Forest Hill Cemetery (Ann Arbor, Michigan)

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Forest Hill Cemetery entrance, Observatory St.

Forest Hill Cemetery in Ann Arbor, Michigan is a 65-acre (260,000 m2) cemetery founded in 1857. A civil engineer named James Lewis Glenn[1] designed the cemetery in the rural or garden style popular in the second half of the 19th century. The cemetery's main gate was designed by James Morwick in the Gothic Revival style. Gordon W. Lloyd, a leading architect based in Detroit, Michigan, designed the cemetery's gatehouse and sexton's residence, also in the Gothic Revival style.[2][3][4]

In 1859 Dr. Benajah Ticknor was the first person to be buried in Forest Hill. Ticknor had been a surgeon in the U.S. Navy and the owner of property now known as Cobblestone Farm in Ann Arbor.[2][3]

Prior to the establishment of the cemetery, Chi Psi fraternity built the nation's first fraternity building (a hunting lodge) on the site, in 1849.[4]


Elisha Walker Rumsey grave and memorial, Forest Hill Cemetery, Ann Arbor, Michigan. Rumsey was the co-founder of Ann Arbor.
Elisha Walker Rumsey grave and memorial, Forest Hill Cemetery, Ann Arbor, Michigan. Rumsey was the co-founder of Ann Arbor.

Notable persons interred at Forest Hill[edit]

Bo Schembechler grave
Soldiers and Sailors memorial, 1914
James Burrill Angell grave, Forest Hill Cemetery, Ann Arbor, Michigan
James Burrill Angell grave, Forest Hill Cemetery, Ann Arbor, Michigan

Coordinates: 42°16′39.9″N 83°43′49.8″W / 42.277750°N 83.730500°W / 42.277750; -83.730500

References[edit]

  1. ^ a b Avellan, Jorge. "History Can Be Discovered In Cemeteries In Washtenaw County". www.wemu.org. Retrieved 2020-04-10.
  2. ^ a b "History". foresthillcemeteryaa.org. Retrieved 12 April 2018. CS1 maint: discouraged parameter (link)
  3. ^ a b "The End of an Era: Ann Arbor historian's popular cemetery tours come to a close this fall". Retrieved 12 April 2018. CS1 maint: discouraged parameter (link)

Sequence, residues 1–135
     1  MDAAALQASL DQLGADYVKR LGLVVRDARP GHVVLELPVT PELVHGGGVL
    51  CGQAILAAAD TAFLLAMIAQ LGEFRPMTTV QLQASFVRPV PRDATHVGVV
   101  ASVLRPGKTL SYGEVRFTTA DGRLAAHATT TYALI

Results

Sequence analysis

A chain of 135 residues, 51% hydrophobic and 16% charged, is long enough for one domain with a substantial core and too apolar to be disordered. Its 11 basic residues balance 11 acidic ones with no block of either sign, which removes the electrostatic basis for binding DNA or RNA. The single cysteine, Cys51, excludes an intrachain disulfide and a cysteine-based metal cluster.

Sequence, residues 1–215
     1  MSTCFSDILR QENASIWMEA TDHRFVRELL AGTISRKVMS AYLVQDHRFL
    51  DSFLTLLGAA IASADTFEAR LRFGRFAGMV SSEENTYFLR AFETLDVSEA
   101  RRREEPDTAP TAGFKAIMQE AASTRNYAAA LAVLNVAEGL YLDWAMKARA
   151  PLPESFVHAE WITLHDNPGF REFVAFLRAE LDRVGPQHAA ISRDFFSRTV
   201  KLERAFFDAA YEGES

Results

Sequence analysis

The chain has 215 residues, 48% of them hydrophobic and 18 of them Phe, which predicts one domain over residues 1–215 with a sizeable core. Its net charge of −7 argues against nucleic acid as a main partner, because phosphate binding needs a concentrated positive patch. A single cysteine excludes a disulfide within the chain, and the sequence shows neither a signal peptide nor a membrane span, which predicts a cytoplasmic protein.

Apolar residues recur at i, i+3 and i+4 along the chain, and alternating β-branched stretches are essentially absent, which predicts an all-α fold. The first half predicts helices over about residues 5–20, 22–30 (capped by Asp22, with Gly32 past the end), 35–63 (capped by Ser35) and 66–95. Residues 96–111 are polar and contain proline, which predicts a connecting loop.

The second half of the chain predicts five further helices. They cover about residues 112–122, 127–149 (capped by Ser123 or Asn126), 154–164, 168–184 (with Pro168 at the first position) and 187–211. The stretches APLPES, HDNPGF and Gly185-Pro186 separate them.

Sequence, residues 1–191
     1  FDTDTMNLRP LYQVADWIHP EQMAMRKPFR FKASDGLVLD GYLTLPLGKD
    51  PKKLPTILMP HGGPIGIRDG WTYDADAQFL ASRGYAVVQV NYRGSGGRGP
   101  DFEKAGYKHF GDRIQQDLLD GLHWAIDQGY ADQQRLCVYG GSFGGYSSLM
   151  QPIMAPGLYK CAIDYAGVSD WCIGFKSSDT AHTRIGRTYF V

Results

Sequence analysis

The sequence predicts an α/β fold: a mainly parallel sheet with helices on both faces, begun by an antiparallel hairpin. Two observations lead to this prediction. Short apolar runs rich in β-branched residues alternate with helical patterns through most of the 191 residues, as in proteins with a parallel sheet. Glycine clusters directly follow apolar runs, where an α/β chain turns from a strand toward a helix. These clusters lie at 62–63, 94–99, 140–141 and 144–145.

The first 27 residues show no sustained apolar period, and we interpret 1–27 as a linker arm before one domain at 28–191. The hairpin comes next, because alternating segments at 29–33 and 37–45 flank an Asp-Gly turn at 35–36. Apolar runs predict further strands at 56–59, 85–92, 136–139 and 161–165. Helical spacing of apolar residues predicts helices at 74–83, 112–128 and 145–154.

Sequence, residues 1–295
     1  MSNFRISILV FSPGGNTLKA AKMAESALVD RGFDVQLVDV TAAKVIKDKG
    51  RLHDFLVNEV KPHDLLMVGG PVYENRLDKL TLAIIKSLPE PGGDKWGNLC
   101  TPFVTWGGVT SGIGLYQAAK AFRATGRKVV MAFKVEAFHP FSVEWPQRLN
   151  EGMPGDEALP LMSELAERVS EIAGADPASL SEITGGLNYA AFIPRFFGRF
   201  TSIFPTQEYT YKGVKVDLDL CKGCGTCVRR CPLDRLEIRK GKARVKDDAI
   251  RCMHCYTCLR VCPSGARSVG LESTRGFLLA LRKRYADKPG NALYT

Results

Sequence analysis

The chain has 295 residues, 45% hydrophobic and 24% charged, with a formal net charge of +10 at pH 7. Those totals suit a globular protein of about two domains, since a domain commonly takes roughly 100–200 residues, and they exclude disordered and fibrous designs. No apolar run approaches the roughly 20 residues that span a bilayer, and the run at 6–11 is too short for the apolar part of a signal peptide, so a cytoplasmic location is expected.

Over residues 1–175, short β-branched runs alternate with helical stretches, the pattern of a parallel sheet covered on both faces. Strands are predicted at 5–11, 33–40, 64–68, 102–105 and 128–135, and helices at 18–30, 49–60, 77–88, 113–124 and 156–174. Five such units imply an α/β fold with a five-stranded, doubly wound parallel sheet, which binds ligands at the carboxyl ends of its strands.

4. ^ a b c "Ann Arbor - LocalWiki". arborwiki.org. Retrieved 12 April 2018. CS1 maint: discouraged parameter (link)
  5. ^ a b c d e f g h i j k l m n "Forest Hill Cemetery in Ann Arbor, Michigan - Find A Grave Cemetery". www.findagrave.com. Retrieved 2020-04-10.
  6. ^ Norton, Joseph J.; Jackson, John H.; Sohn, Louis B. (1988). "In Memoriam— William Warner Bishop, Jr. (1906-1987)". The International Lawyer. 22 (3): 609–614. ISSN 0020-7810. JSTOR 40706143.
  7. ^ Andrews, Clarence A. (1992). Michigan in Literature. Wayne State University Press. ISBN 978-0-8143-2368-7.
  8. ^ Beakes, Samuel Willard (1906). Past and Present of Washtenaw County, Michigan. S.J. Clarke Publishing Company. p. 481.
  9. ^ Williams, Charles H.; Ballou, David P. (2003). "Vincent Massey 28 November 1926--26 August 2002". Biographical Memoirs of Fellows of the Royal Society. 49: 335–350. doi:10.1098/rsbm.2003.0019. ISSN 0080-4606. JSTOR 3650229. S2CID 68101861.
  10. ^ http://vielmetti.typepad.com/vacuum/2007/04/obituary_ted_he.html
  11. ^ Burdette, Dwight (10 September 2010). "English: Ted Heusel grave, Ann Arbor radio personality and Board of Education president, Forest Hill Cemetery, Ann Arbor Michigan". Retrieved 12 April 2018 – via Wikimedia Commons. CS1 maint: discouraged parameter (link)
  12. ^ Power, Philip H. (1995). "Eugene Barnum Power (4 June 1905-6 December 1993)". Proceedings of the American Philosophical Society. 139 (3): 301–304. JSTOR 987197.
  13. ^ Burdette, Dwight (13 September 2010). "English: Eugene Barnum Power grave, Forest Hill Cemetery, Ann Arbor, Michigan. Power was the founder of University Microfilms and a regent of the University of Michigan". Retrieved 12 April 2018 – via Wikimedia Commons. CS1 maint: discouraged parameter (link)

External links[edit]